Racism in "To kill a mockingbird"
“If there’s just one kind of folks, why can’t they get along with each other? If they’re all alike, why do they go out of their way to despise each other?” (Lee, 259)
Harper Lee uses her novel ‘To Kill a Mockingbird’ to accentuate the catastrophic nature of racism. Some troubling individuals or groups of people have felt powerful by exercising their dominance over another group claiming they are worthier, stronger, and smarter. The problem of racism has often been associated with the history of the United States of America.
Slavery has been abandoned long ago, but for years black people were considered to be of lower class, their capabilities were denied, and their dignity was completely diminished.
It took American people hundreds of years to achieve the level of true democracy, when they can grasp the notion of equality between people, including acceptance of differences in gender, nationality, religion, culture, and what most matters in the book we read – race.
Discrimination can be shown through the Maycomb community, the Tom Robinson trial, and Boo Radley. As Scout’s cousin told her, “He’s nothing but a n*****-lover!” (Lee, 94).
Segregation could be noticed not only in the Maycomb County, but in the whole Alabama state, and the rest of Southern USA. Black people could not ‘mingle’ with the whites and their children attended separate schools. Adults socialized at places where they wouldn’t be noticed or bother the whites (ex. the black church in Maycomb). They each had their own territories, and assumed it was immoral for them to fuse together. They would go out of their way, saying things such as “You ain’t got no business bringin’ with chillum here – they got their church, we got our’n” (Lee, 136).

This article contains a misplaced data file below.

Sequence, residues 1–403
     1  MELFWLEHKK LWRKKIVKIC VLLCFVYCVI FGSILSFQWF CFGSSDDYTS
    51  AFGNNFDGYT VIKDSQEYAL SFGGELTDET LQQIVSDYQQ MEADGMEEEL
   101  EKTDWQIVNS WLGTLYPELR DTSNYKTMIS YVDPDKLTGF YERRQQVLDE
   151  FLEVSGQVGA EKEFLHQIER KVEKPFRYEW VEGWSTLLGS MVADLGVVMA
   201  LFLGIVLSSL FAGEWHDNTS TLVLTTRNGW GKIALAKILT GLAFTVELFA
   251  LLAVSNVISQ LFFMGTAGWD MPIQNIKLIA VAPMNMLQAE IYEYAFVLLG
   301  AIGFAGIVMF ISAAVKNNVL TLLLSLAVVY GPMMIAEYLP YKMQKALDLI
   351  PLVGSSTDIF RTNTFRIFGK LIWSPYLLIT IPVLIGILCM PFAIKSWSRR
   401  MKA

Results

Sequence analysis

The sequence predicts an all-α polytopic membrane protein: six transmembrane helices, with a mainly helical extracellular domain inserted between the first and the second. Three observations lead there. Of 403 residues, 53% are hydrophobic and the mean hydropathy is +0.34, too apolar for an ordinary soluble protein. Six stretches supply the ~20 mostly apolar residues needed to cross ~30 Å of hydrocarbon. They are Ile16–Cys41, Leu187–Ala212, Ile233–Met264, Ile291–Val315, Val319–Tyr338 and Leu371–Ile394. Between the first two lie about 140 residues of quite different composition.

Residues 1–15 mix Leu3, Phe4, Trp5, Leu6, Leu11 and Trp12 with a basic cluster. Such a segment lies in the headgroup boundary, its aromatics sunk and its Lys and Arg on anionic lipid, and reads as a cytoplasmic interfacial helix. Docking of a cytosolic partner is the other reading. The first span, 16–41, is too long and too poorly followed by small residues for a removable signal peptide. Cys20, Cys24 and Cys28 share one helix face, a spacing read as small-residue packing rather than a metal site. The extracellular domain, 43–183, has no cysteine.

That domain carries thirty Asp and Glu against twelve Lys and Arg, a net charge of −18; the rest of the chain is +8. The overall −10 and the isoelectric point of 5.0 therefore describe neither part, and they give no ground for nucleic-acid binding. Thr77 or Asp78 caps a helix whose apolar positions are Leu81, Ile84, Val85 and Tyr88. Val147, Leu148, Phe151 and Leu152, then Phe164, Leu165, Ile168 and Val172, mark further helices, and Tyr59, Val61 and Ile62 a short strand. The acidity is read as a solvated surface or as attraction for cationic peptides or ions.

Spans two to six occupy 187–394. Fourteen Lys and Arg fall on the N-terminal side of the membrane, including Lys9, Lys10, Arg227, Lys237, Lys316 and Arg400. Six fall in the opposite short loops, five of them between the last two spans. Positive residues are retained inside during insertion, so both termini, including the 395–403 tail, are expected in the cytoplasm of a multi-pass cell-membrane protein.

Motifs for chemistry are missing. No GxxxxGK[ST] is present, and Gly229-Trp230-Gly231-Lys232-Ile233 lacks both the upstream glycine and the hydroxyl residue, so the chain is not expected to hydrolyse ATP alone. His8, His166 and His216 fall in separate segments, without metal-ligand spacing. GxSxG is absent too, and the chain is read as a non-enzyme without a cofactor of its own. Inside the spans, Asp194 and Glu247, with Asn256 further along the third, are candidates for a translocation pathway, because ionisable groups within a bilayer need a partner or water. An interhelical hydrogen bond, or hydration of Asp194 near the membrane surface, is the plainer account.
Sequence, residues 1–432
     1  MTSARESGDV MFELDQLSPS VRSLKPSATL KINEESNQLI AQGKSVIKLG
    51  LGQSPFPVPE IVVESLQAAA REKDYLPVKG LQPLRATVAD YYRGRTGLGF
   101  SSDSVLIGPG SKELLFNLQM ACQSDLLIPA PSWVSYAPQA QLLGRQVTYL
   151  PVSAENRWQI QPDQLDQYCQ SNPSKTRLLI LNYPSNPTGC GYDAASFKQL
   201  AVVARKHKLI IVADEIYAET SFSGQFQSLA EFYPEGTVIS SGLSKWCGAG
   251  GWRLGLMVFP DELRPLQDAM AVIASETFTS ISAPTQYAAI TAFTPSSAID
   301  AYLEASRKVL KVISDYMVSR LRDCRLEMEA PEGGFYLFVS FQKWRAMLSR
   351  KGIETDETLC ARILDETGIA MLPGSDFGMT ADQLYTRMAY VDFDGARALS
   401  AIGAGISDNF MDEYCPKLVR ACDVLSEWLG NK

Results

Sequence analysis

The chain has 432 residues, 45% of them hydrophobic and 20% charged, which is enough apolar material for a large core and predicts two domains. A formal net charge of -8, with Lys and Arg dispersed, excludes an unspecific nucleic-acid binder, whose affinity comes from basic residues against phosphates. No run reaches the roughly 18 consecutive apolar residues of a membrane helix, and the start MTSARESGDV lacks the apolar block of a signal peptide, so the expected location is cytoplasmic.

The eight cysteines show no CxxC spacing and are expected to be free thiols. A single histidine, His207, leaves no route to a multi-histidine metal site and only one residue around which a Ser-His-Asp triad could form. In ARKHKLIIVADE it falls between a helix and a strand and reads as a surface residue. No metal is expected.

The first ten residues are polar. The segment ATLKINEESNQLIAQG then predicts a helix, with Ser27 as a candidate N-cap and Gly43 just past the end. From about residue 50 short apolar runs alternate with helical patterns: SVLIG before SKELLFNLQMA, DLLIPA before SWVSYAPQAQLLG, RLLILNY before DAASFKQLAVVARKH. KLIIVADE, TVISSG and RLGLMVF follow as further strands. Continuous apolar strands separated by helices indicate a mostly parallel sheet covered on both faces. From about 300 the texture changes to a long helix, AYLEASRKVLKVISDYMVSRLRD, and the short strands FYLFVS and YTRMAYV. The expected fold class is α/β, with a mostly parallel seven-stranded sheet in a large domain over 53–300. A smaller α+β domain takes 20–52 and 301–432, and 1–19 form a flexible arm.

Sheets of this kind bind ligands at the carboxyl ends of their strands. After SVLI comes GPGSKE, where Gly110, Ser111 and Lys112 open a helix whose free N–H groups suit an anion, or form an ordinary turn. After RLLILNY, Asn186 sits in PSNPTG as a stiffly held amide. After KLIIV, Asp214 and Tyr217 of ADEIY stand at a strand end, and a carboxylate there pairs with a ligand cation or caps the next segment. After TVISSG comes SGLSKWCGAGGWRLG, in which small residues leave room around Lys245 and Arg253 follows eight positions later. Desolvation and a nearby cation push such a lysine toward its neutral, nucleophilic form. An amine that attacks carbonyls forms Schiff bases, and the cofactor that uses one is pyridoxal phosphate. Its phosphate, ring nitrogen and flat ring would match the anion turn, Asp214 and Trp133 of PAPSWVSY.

The whites and blacks knew very little of each other, and that fear of not knowing became worse by imagining how bad the other side must be. This was also one of the problems that prevented racism to disappear. ‘The Great Depression’ during the 1930s made people (whites) stay focused on their own poverty, made them angry, and stopped them from seeing poverty and hardships on the other side. All these factors made polarization stronger, and created grounds for racism to grow.
The problem of racism and segregation was presented through subtle descriptions of the suburban life of very young and innocent children. Their view of events and relationships in the book was a strong contrast to the negative characters of white racists who wanted to take justice in their hands and execute Tom Robinson. In a child’s perspective, displayed through narration by the author (Scout), portrayed an innocent assumption that all people are the same, and poverty and racism are deeply unfair and brutal things. Seeing events through the eyes of a child (ex. Scout) helps us understand that feeling of hatred and discrimination is not something we are born with, but is often taught by adults.